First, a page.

Featured Research

from universities, journals, and other organizations

Brain Region Linked To Fly Slumber

Date:
June 12, 2006
Source:
Northwestern University
Summary:
Researchers at Northwestern University have pinpointed a brain area in flies that is crucial to sleep, raising interesting speculation over the purpose of sleep and its possible link with learning and memory. The scientists show that the so-called mushroom bodies are essential for sleep regulation in the fruitfly Drosophila melanogaster. How the mushroom bodies control sleep is uncertain, but the researchers show that if the area is destroyed chemically, flies sleep less.

Ravi Allada, M.D.
Credit: Image courtesy of Northwestern University

Researchers at Northwestern University have pinpointed a brain area in flies that is crucial to sleep, raising interesting speculation over the purpose of sleep and its possible link with learning and memory.

In a paper to be published June 8 by the journal Nature, a team led by Ravi Allada, assistant professor of neurobiology and physiology, shows that the so-called mushroom bodies are essential for sleep regulation in the fruitfly Drosophila melanogaster. (In the same issue, a second study, led by Amita Sehgal of the Howard Hughes Medical Institute, produced similar results using different methods.)

How the mushroom bodies control sleep is uncertain, but Allada and colleagues show that if the area is destroyed chemically, flies sleep less.

Mushroom bodies are known to have a role in learning and memory, raising the possibility that sleep and learning are somehow linked in the fly brain. This lends weight to the notion that, in flies, sleep may function to consolidate memories that are formed during the day -- something that is known to occur in vertebrates.

Sleeping flies are similar to sleeping humans. Both are groggy when woken suddenly and need extra slumber if sleep deprived. It's therefore possible, the authors argue, that a mechanism regulating both sleep and learning could be evolutionarily conserved. So studying the mushroom bodies may help to throw light on the mechanisms governing vertebrate and invertebrate sleep.

In addition to Allada, other authors on the Nature paper are Jena L. Pitman (co-first author), Jermaine J. McGill and Kevin P. Keegan, all from Northwestern University.


Story Source:

The above story is based on materials provided by Northwestern University. Note: Materials may be edited for content and length.


Cite This Page:

Northwestern University. "Brain Region Linked To Fly Slumber." ScienceDaily. ScienceDaily, 12 June 2006. <www.sciencedaily.com/releases/2006/06/060612082835.htm>.
Northwestern University. (2006, June 12). Brain Region Linked To Fly Slumber. ScienceDaily. Retrieved September 21, 2014 from www.sciencedaily.com/releases/2006/06/060612082835.htm
Northwestern University. "Brain Region Linked To Fly Slumber." ScienceDaily. www.sciencedaily.com/releases/2006/06/060612082835.htm (accessed September 21, 2014).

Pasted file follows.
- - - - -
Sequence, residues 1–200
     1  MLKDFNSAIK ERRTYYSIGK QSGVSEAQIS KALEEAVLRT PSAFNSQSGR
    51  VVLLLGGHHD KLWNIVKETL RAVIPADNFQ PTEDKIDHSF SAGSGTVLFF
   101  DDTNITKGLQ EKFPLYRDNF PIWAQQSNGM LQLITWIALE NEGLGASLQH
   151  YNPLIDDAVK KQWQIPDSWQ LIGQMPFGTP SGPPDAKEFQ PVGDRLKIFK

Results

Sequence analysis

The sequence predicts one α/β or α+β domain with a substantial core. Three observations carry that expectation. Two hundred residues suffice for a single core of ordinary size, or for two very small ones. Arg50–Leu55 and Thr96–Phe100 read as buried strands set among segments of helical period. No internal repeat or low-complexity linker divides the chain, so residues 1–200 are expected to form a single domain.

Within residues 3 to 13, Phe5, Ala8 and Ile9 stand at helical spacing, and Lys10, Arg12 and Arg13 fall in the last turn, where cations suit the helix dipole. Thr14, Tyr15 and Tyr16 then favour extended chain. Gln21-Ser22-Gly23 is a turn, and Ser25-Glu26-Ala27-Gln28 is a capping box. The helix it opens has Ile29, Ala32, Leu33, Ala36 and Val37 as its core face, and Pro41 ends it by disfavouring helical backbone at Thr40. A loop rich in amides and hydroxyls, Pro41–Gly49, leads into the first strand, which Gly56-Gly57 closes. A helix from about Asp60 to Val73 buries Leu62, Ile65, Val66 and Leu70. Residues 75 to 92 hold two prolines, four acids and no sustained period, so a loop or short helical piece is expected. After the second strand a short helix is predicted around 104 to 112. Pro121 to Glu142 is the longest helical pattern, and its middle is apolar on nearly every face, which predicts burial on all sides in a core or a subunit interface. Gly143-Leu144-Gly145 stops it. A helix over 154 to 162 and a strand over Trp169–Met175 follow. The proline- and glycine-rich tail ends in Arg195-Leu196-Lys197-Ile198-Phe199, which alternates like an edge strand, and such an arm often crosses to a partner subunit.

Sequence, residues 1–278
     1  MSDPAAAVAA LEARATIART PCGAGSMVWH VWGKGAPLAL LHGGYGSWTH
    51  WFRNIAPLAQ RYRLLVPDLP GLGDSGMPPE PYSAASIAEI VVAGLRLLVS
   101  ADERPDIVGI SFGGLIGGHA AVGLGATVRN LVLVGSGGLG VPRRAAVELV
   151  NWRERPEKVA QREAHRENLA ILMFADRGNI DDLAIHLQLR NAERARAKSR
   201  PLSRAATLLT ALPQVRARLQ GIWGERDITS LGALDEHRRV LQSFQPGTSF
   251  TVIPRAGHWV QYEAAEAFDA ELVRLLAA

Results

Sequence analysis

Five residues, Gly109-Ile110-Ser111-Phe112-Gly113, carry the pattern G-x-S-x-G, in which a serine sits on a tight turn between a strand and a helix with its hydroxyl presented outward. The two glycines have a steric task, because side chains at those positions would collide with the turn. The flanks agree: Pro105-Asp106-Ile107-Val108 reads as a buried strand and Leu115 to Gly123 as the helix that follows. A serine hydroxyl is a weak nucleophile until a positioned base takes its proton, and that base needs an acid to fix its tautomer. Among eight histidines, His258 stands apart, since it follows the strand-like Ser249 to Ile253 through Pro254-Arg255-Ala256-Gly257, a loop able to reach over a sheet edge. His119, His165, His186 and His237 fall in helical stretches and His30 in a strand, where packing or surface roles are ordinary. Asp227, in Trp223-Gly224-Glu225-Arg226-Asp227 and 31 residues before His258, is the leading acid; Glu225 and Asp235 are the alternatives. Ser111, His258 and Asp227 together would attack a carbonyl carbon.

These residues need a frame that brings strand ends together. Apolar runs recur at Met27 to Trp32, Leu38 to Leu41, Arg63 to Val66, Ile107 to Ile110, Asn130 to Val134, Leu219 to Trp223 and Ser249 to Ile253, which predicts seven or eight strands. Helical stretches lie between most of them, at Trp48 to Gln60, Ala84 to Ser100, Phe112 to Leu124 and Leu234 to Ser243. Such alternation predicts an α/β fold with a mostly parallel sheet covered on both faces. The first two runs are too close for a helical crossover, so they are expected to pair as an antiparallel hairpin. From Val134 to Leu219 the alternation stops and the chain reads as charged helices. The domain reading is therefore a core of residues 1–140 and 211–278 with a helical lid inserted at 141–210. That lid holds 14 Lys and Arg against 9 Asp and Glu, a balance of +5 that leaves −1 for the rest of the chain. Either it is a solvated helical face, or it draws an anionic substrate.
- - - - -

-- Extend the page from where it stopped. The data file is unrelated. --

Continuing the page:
Share This



More Mind & Brain News

Sunday, September 21, 2014

Featured Research

from universities, journals, and other organizations


Featured Videos

from AP, Reuters, AFP, and other news services

Could Grief Affect The Immune Systems Of Senior Citizens?

Could Grief Affect The Immune Systems Of Senior Citizens?

Newsy (Sep. 19, 2014) The study found elderly people are much more likely to become susceptible to infection than younger adults going though a similar situation. Video provided by Newsy
Powered by NewsLook.com
Food Addiction Might Be Caused By PTSD

Food Addiction Might Be Caused By PTSD

Newsy (Sep. 18, 2014) New research shows that women who suffer from PTSD are three times more likely to develop a food addiction. Video provided by Newsy
Powered by NewsLook.com
Corporal Punishment on Decline, Debate Renews

Corporal Punishment on Decline, Debate Renews

AP (Sep. 16, 2014) Corporal punishment in the United States is on the decline, but there is renewed debate over its use after Minnesota Vikings running back Adrian Peterson was charged with child abuse. (Sept. 16) Video provided by AP
Powered by NewsLook.com
FDA Eyes Skin Shocks Used at Mass. School

FDA Eyes Skin Shocks Used at Mass. School

AP (Sep. 15, 2014) The FDA is considering whether to ban devices used by the Judge Rotenberg Educational Center in Canton, Massachusetts, the only place in the country known to use electrical skin shocks as aversive conditioning for aggressive patients. (Sept. 15) Video provided by AP
Powered by NewsLook.com

Search ScienceDaily

Number of stories in archives: 140,361

Find with keyword(s):
Enter a keyword or phrase to search ScienceDaily for related topics and research stories.

Save/Print:
Share:

Breaking News:
from the past week

In Other News

... from NewsDaily.com

Science News

Health News

Environment News

Technology News



Save/Print:
Share:

Free Subscriptions


Get the latest science news with ScienceDaily's free email newsletters, updated daily and weekly. Or view hourly updated newsfeeds in your RSS reader:

Get Social & Mobile


Keep up to date with the latest news from ScienceDaily via social networks and mobile apps:

Have Feedback?


Tell us what you think of ScienceDaily -- we welcome both positive and negative comments. Have any problems using the site? Questions?
Mobile: iPhone Android Web
Follow: Facebook Twitter Google+
Subscribe: RSS Feeds Email Newsletters
Latest Headlines Health & Medicine Mind & Brain Space & Time Matter & Energy Computers & Math Plants & Animals Earth & Climate Fossils & Ruins